The flock, by then slightly larger, was not at all shy, and I watched them moving about and feeding in the brush-like tree for a long while. I noticed them pecking at nodes on the branches, and wondered if they were feeding on insects or on plant matter. Later, I saw them pecking at—and in between—the broad, round leaves of another tree. We couldn't identify the trees involved, but Rima and I found that neither tree had any green buds or sap to speak of, but they did have spider webs and tiny insects—in fact, I found a nutritious-looking caterpillar hiding between two leaves stuck together (whether by itself or by its parents, we could not tell).

Of course, the very sharp, pointed beak is further evidence that the penduline tit is not a seed-eater.

Sand Larks and spot lighting

The Tamarisk scrub in the sandy area downstream of the Satluj dam is a known roosting site for Sykes's Nightjar. I'd never been out hunting for Nightjars, so I was happy to join a group of people who wanted to borrow the spotlight after dinner and look for reflecting eyes in the dark. We drove around for a while before walking along the river-bed, sweeping the light back and forth every now and then, and seeing nothing but bushes.

After trudging through the fine grey sand for an hour or so, we turned back in consideration of the 2230 curfew at the GK hotel where a number of people were staying. I continued to sweep the searchlight around the base of bushes as we passed, and suddenly I saw a small bird fly up and float to the ground a few metres away. I juggled my binoculars and the light for a while, and found that we had woken up a very confused Sand Lark. The photographers, full of pent-up energy, leaped into action and spent several minutes crawling up to and photographing the bird, which sat motionless, relying on its superb camouflage. I've rarely seen such good photographs of a Sand Lark taken during the day.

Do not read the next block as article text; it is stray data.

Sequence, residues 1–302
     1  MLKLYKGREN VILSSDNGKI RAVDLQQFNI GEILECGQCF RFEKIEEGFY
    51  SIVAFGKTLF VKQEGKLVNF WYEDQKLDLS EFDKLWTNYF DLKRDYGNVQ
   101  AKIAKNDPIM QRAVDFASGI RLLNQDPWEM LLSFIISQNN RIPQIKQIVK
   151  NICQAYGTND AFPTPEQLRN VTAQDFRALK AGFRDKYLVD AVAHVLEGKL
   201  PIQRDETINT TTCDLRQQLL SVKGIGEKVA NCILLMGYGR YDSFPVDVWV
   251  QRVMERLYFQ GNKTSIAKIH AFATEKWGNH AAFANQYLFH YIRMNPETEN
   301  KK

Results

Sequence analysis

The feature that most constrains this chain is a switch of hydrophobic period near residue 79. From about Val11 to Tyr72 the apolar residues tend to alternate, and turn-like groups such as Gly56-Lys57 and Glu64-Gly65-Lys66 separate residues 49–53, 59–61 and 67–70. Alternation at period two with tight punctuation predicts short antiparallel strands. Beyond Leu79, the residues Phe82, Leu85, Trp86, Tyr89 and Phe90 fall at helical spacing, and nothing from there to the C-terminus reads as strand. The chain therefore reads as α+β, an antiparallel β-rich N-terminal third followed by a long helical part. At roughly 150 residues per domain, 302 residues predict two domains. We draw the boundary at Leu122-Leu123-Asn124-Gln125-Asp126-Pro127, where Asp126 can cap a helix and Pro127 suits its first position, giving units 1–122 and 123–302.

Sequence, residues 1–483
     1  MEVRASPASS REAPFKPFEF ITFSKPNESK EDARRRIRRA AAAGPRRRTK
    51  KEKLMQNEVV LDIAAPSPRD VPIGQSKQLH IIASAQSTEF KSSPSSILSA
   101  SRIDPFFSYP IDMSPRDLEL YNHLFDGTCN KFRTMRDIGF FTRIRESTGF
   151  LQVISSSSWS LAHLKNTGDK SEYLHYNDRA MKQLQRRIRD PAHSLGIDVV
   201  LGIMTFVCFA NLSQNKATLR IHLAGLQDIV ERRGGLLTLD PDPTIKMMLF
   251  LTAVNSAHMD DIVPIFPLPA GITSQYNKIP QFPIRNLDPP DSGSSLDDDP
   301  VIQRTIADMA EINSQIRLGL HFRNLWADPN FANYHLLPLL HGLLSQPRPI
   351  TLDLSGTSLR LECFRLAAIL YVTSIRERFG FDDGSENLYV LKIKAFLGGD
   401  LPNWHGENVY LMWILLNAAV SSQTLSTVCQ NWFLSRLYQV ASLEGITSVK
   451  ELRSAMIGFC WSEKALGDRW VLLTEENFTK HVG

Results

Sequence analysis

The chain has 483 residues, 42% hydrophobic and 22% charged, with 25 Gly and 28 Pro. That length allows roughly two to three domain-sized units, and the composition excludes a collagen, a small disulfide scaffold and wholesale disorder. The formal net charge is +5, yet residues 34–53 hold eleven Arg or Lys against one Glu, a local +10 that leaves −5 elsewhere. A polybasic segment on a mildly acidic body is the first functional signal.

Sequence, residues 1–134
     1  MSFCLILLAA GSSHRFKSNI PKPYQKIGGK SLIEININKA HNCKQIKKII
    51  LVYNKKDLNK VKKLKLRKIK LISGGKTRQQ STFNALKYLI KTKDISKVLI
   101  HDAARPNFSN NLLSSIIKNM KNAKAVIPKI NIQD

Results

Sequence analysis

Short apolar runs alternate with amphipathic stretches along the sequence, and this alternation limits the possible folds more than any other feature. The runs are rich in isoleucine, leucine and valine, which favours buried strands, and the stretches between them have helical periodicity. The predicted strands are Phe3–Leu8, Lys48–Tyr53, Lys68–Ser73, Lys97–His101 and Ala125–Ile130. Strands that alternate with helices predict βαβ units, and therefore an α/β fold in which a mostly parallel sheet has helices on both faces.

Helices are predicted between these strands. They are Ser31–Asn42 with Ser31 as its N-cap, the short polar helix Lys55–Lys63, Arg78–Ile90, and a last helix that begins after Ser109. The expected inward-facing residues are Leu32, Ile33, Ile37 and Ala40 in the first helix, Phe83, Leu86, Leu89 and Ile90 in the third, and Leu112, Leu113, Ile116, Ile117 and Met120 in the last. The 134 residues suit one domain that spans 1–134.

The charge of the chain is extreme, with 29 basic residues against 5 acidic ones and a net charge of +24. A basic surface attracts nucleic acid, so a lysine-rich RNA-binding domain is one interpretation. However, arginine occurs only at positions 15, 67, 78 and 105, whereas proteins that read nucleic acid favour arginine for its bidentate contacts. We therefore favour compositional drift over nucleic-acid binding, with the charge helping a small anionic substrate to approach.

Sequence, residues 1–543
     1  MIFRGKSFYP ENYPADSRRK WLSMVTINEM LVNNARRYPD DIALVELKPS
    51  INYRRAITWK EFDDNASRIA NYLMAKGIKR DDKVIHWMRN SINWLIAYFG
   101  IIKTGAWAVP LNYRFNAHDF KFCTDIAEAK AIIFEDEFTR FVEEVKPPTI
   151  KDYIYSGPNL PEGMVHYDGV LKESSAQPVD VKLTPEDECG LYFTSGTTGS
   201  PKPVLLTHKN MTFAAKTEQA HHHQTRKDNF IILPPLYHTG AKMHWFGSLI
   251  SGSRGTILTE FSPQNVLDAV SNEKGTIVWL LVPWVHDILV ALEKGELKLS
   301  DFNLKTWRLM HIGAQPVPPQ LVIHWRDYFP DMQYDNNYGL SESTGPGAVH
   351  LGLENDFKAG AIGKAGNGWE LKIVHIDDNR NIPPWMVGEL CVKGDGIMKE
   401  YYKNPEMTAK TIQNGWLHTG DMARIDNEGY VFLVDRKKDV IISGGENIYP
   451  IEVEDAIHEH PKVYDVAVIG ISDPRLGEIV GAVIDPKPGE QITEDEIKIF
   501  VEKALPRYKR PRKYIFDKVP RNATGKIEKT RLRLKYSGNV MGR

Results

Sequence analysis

I heard a soft chuk chuk call as we walked past a wheat field on our way back to the jeep. It matched my field guide's description of the flushing call of a Sykes's Nightjar, but it was—of course—not repeated, and I saw nothing at all. (Does Sykes's Nightjar clatter its wings when flushed, like the Eurasian Nightjar? Or is that a display behaviour?) In retrospect, searching for a nocturnal bird roosting on the ground at night may not have been the best idea—but that didn't stop us from trying again earlier in the evening the next day. Once again, we saw only a few Sand Larks in the spotlight.

An aside: the spotlight had a little LCD screen that said "Sat Sri Akal" when it was switched on… excuse me, activated. It was much too sophisticated to have an on/off switch, and instead featured a variety of programmable modes and a button to cycle through them. But the fact most relevant to this story is that the thing was bloody heavy. Guess who volunteered to carry it around?